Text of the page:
That's not to say that all of a sudden I was better than anyone else. I'm certainly not. But, I notice when I dress well, I feel better about myself and other people treat me in a way that I like. I think as long as someone isn't walking around like they're better than someone just because they "dress better" (which is subjective) then it's fine to dress up in this "brave new world" and enjoy yourself.
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The churches that I went to as a small boy sermons and Sunday school lessons pointed out that in the Old Testament, somewhere, that God commanded them to wear the best clothes for God. Thousands of years later- Sunday Best. Then the Hippies developed. Some of their views are right, too. So, Sunday Best became history. Overall, Sunday Best I think still has a place.

As far as other reasons, that don't include church, dressing well has different meanings. And even then there are reasons not to dress well. But in general dressing better is personally better, and healthier. Some of what is considered dressing better here, now, 50 years ago is sloppy and inappropriate back then. The whole idea of dressing well is ever changing. Those who are older than me were brought up with different rules. Those younger have grown up with very different rules, because of the Hippies.

My 2¢
Every church will have its own sartorial environment. If you plan to attend a specific church over a long period of time my advice is study how those in the sanctuary & choir dress. My experience is those people set the tone for the way the congregation dresses. The goal is you want look good & respectful and fit in.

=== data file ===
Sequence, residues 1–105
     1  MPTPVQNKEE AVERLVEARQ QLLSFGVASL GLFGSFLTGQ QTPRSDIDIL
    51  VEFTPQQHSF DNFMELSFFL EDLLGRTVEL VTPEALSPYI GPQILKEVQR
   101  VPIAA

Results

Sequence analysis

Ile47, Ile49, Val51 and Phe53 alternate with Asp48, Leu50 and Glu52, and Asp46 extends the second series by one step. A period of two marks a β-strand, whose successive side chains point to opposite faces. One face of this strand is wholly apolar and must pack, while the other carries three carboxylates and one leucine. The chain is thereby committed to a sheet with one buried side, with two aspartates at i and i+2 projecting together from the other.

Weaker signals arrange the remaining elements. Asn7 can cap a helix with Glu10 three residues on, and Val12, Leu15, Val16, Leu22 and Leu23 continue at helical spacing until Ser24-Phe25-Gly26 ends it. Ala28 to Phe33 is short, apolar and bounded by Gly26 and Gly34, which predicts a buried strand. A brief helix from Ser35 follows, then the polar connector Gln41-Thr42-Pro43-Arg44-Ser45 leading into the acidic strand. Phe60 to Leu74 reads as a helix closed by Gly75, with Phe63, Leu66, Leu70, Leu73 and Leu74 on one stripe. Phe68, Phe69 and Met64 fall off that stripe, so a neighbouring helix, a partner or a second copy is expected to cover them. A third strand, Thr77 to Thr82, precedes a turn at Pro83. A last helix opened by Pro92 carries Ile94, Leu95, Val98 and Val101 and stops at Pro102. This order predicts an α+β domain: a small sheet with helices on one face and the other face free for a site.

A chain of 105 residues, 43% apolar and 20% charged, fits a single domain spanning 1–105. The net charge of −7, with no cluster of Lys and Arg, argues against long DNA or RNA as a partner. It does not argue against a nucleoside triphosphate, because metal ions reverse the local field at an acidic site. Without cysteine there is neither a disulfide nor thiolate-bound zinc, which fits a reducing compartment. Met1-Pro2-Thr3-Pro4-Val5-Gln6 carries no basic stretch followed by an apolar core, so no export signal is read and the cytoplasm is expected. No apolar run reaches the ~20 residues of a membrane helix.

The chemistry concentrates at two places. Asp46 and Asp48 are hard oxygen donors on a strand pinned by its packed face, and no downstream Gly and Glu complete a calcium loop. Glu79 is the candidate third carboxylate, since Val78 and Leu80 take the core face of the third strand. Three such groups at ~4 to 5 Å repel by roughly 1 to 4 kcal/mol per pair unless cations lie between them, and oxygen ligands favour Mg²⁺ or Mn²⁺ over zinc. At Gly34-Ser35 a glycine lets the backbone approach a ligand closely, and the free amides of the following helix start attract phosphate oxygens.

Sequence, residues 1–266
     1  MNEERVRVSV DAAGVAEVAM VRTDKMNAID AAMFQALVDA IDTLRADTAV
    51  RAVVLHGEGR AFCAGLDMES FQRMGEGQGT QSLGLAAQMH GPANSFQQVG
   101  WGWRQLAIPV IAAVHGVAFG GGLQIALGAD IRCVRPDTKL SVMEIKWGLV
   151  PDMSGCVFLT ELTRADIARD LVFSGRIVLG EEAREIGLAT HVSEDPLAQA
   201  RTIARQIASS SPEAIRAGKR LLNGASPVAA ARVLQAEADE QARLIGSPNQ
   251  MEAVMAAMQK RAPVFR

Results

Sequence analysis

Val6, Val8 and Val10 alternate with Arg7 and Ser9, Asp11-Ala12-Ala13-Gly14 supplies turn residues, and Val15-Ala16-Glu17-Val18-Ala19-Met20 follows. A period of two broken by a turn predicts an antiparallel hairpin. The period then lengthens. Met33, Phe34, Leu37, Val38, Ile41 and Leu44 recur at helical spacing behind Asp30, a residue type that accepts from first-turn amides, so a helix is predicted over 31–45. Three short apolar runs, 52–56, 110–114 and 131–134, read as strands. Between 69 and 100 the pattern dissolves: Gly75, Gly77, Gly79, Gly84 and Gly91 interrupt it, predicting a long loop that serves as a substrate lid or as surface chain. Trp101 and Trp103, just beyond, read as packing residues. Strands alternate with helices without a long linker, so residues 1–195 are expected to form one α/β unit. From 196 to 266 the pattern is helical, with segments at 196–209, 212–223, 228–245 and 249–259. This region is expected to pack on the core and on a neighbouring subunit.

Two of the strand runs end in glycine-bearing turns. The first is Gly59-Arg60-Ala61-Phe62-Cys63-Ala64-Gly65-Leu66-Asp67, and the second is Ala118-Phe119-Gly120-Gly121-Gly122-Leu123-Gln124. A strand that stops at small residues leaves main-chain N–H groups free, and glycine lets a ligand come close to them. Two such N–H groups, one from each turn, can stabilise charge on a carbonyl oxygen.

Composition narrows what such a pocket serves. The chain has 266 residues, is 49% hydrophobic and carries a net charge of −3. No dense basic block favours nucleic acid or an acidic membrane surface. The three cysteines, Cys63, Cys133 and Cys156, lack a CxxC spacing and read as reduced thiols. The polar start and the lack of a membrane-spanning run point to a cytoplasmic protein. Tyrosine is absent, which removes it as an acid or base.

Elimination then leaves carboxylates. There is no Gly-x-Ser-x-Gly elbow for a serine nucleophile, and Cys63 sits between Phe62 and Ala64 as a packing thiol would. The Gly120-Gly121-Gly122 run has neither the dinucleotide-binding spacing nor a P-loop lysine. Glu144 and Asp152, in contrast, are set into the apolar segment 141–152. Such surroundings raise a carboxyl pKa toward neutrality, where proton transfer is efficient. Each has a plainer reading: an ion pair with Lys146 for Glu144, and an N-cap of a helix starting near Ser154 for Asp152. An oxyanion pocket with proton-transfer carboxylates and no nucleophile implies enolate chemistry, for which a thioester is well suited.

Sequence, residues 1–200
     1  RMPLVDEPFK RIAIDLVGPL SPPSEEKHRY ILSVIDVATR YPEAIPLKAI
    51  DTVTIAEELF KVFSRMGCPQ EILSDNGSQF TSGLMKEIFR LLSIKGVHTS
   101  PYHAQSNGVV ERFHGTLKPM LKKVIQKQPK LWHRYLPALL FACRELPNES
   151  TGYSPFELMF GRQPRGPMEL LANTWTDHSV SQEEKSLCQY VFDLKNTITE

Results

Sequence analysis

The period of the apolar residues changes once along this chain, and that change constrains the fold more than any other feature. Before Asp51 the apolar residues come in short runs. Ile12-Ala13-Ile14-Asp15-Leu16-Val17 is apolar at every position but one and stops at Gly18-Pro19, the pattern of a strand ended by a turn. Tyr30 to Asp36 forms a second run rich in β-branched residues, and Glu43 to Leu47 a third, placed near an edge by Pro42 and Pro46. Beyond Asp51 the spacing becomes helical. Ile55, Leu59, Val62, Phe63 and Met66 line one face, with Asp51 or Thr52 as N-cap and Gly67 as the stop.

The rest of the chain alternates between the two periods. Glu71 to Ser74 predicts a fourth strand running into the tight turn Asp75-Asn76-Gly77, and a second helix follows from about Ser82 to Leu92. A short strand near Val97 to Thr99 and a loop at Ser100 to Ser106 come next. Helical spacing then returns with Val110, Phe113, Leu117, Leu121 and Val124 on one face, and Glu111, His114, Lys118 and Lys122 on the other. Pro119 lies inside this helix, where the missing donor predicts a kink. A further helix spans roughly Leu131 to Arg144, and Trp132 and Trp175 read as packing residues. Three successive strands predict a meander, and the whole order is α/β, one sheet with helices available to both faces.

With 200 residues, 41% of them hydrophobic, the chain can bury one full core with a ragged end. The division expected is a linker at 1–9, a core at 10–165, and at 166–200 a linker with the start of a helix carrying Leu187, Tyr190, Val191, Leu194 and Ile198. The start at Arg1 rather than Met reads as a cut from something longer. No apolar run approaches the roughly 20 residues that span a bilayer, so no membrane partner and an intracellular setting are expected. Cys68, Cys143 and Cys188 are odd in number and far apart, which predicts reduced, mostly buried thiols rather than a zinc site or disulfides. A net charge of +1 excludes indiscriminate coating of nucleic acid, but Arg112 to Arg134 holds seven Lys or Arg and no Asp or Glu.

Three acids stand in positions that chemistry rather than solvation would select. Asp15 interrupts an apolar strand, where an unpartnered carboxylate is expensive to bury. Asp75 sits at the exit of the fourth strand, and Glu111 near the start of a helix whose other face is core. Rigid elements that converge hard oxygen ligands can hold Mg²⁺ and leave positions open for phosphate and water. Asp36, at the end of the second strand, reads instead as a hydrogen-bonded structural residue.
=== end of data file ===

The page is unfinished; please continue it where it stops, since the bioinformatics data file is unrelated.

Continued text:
So, if you happen to be the only person in a particular place of worship that is wearing a suit, is it your opinion that none of the other men are being respectful to the institution?
I'm not judging others; I speak only for myself and one of the ways in which I personally would show respect.
I'm not judging others; I speak only for myself and one of the ways in which I personally would show respect.
Good sensible safe answer, and no quarrel with it at all.
It is essential, of course, that one avoid judging the actions of others, since that would be judgmental. The very idea that one might, for instance, assert that men should dress up a bit when going to church or temple is a violation of modern relativism, a belief system that is grounded (ironically and hilariously) in the most thoughtless of absolutisms.
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I've actually started dressing up more at church lately. Not because I think what I'm wearing is holy or anything like that nor is it to impress anyone else. But, as someone mentioned earlier, it's an important event for me so it should be reflected in the way I dress. If I were going on a first date with someone then I would want to look good (although, my wife might wonder why I'm going on a date with someone else. :p ) Or if I were going to an important event then I might get dressed up. So, how important is church to me? (it's very important). So, it was a personal conviction of mine to at least look at little more presentable. Not that I'm always wearing a suit, but I'm at least wearing something better than jeans and t-shirt which was my normal church outfit. But, I think how someone dresses at church is really up to them. I just decided for myself that dressing a little nicer is something I wanted to do while I'm there.
It depends where you live and what you do. America is still largely a frontier country in mindset and people value practically over peacocking. It’s slightly different in Europe and other places where people rightly or wrongly have more tradition of dressing up all the time. I notice that in large, international cities there are plenty of well dressed people. Well dressed does not always mean a tie. I like that there has been an explosion in sport coats and blazers of varying descriptions and soft tailoring, it’s a style I like and I ascribe to personally.

Better a well put together semi-casual outfit than a bad suit and tie in my view.